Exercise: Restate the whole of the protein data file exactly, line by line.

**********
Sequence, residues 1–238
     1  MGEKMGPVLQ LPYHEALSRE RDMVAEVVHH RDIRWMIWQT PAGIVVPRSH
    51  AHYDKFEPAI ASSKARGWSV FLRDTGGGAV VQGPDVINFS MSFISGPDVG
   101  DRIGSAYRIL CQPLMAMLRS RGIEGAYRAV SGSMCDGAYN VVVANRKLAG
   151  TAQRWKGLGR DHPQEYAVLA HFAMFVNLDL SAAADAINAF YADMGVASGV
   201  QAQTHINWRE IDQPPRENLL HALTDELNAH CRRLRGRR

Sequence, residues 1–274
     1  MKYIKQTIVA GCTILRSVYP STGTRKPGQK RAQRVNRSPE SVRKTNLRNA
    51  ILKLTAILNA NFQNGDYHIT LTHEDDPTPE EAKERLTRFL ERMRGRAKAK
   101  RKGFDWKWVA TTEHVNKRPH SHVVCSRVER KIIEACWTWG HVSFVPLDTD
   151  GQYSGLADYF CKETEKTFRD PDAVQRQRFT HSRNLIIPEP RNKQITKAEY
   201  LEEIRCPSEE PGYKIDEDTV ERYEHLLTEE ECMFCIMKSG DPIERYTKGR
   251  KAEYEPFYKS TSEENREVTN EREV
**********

Sequence, residues 1–238
     1  MGEKMGPVLQ LPYHEALSRE RDMVAEVVHH RDIRWMIWQT PAGIVVPRSH
    51  AHYDKFEPAI ASSKARGWSV FLRDTGGGAV VQGPDVINFS MSFISGPDVG
   101  DRIGSAYRIL CQPLMAMLRS RGIEGAYRAV SGSMCDGAYN VVVANRKLAG
   151  TAQRWKGLGR DHPQEYAVLA HFAMFVNLDL SAAADAINAF YADMGVASGV
   201  QAQTHINWRE IDQPPRENLL HALTDELNAH CRRLRGRR

Sequence, residues 1–274
     1  MKYIKQTIVA GCTILRSVYP STGTRKPGQK RAQRVNRSPE SVRKTNLRNA
    51  ILKLTAILNA NFQNGDYHIT LTHEDDPTPE EAKERLTRFL ERMRGRAKAK
   101  RKGFDWKWVA TTEHVNKRPH SHVVCSRVER KIIEACWTWG HVSFVPLDTD
   151  GQYSGLADYF CKETEKTFRD PDAVQRQRFT HSRNLIIPEP RNKQITKAEY
   201  LEEIRCPSEE PGYKIDEDTV ERYEHLLTEE ECMFCIMKSG DPIERYTKGR
   251  KAEYEPFYKS TSEENREVTN EREV